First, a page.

“The Privilege of the Writ of Habeas Corpus shall not be suspended, unless when in Cases of Rebellion or Invasion the public Safety may require it” – The U.S. Constitution
At first glance, this clause may seem alarming. A writ of habeas corpus is the fancy way of saying that an individual, when serving a prison sentence, can appeal the legality of the process that led to their conviction.
Habeas comes from the latin “habeas or habere” meaning “to have” or “to hold” and corpus comes from “corporeal” meaning “of a material or physical nature, not mental or spiritual”.
Writ means “something written, piece of writing”. So, a writ of habeas corpus means to have or hold a person. More succinctly, “writ requiring a person to be brought before a court”.
The founders were very wary of the way the king would indefinitely imprison individuals with no recourse who had never seen a day in court. This, of course, the king did even though England had a version of a “writ of habeas corpus”. Thus, the founders made sure that our government could not indefinitely imprison Americans with no recourse or day in court.
Congress is given no power to violate this liberty aside from this one, small clause.
The founders conceded that, if there is a major rebellion (which was somewhat common in that day in time) or a major invasion on American soil, Congress could suspend the writ for the safety of the public but not indefinitely.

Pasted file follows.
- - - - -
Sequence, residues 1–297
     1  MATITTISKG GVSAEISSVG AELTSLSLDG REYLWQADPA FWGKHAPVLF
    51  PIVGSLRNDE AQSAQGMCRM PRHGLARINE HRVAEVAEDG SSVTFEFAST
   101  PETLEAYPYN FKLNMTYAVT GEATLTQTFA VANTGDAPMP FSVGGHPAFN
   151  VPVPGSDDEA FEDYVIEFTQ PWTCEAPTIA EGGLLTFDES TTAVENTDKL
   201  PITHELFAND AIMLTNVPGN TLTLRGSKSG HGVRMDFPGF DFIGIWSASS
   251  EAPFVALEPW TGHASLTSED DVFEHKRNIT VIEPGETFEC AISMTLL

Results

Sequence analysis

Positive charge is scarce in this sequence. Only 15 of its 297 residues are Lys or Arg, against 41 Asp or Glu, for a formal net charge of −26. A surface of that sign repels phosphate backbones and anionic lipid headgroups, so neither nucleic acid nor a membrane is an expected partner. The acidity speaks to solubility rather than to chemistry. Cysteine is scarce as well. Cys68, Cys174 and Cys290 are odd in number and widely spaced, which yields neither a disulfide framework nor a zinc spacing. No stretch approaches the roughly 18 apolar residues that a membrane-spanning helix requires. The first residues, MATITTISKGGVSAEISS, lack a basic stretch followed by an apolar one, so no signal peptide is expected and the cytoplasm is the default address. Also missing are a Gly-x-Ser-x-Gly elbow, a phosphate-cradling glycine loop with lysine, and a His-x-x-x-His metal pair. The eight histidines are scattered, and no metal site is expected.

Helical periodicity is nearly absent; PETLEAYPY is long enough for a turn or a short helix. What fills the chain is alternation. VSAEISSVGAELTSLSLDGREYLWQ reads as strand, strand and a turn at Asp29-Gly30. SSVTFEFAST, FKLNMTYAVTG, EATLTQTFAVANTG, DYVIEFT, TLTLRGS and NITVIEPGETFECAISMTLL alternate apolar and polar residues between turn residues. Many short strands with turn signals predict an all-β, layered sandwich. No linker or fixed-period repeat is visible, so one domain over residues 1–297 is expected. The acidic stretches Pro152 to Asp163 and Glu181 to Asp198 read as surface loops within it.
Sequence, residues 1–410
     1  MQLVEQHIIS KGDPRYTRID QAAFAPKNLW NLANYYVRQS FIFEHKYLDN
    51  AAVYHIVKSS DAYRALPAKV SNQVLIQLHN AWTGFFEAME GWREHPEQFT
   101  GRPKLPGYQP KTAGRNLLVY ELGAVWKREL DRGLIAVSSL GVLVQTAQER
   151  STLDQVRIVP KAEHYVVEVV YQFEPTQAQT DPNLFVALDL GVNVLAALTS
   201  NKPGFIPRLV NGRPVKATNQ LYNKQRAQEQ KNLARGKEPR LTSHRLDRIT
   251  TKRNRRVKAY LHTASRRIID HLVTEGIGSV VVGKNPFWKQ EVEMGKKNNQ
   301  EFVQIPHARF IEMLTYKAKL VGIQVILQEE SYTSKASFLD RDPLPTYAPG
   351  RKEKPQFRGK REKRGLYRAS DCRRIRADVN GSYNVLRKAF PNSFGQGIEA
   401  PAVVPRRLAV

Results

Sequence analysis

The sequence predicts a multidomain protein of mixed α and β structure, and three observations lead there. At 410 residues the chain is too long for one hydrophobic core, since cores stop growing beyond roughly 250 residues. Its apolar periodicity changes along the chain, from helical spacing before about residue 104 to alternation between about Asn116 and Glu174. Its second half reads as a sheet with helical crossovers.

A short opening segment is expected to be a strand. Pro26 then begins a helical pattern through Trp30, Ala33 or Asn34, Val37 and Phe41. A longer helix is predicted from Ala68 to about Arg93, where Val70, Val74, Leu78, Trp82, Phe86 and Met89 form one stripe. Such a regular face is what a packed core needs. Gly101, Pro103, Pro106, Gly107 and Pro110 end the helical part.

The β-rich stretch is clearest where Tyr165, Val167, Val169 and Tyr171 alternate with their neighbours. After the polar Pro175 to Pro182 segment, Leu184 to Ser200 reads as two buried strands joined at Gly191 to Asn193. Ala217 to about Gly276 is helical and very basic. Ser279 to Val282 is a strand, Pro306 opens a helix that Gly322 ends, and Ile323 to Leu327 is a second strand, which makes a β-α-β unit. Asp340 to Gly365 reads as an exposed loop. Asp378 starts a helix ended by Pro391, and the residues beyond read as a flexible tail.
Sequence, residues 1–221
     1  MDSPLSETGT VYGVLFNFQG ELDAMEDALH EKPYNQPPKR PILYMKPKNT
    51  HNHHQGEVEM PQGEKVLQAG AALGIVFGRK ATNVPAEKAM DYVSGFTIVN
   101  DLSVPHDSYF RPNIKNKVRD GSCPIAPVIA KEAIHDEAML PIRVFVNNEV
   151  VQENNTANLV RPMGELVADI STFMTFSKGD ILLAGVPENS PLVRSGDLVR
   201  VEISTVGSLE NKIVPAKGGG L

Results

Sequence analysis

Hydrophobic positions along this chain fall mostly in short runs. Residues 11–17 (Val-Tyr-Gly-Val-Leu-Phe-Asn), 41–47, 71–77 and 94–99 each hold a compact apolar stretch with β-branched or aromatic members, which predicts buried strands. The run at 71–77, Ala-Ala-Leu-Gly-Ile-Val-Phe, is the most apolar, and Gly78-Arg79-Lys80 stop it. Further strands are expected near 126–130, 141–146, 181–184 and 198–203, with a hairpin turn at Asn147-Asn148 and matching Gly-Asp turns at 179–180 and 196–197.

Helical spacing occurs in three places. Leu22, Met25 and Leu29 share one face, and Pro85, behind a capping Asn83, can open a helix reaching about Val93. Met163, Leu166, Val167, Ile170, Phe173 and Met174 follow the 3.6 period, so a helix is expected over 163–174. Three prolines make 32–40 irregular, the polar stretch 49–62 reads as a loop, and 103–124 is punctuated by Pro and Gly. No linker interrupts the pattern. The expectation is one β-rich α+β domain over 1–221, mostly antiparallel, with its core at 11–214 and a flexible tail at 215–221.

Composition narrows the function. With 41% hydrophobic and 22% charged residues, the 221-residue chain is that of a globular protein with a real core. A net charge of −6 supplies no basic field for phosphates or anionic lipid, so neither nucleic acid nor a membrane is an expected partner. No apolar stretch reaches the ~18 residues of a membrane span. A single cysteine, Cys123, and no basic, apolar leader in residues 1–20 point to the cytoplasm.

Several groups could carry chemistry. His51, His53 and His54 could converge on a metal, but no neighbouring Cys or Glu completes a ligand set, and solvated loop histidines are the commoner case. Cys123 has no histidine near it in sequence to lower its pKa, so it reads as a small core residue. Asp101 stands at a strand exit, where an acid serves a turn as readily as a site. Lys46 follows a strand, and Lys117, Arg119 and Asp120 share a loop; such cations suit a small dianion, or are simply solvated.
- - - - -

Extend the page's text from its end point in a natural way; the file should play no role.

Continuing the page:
While I can spend more time on the details of how this suspension of the writ applies to these two very specific scenarios, explaining that is not the most critical point I want to make today.
The most important aspect of this clause is not what is says, but rather what it doesn’t say. In other words, the U.S. Constitution is one of the only Constitutions in the world that does not contain a provision or clause or reason to suspend the whole Constitution.
In fact, this uniqueness, that our Constitution does not have a provision for suspension, is highlighted in this habeas corpus clause, because this clause only allows from one right/liberty to be suspended under very specific circumstances, and this is the only suspension clause in the Constitution.
The founders were careful to leave out any other form of suspension because of the dire importance that the Constitution always be considered supreme and always confine government power, no matter the crisis.
Friends, please keep this truth in mind in the context of what we’re facing today. Never let the government try to fool you into believing that the Constitution, in the US, does not still continue to confine their power … even during a crisis.
Our founders were careful to avoid any chance of that happening, and therefore, so must we.
The Liberty Belle
1 thought on “Article I Section IX Clause 2: Writ of Habeas Corpus”
Yet January 6th protestors remain languishing in DC jails almost a year later on what amounted to trespass and vandalism offenses. Despicable.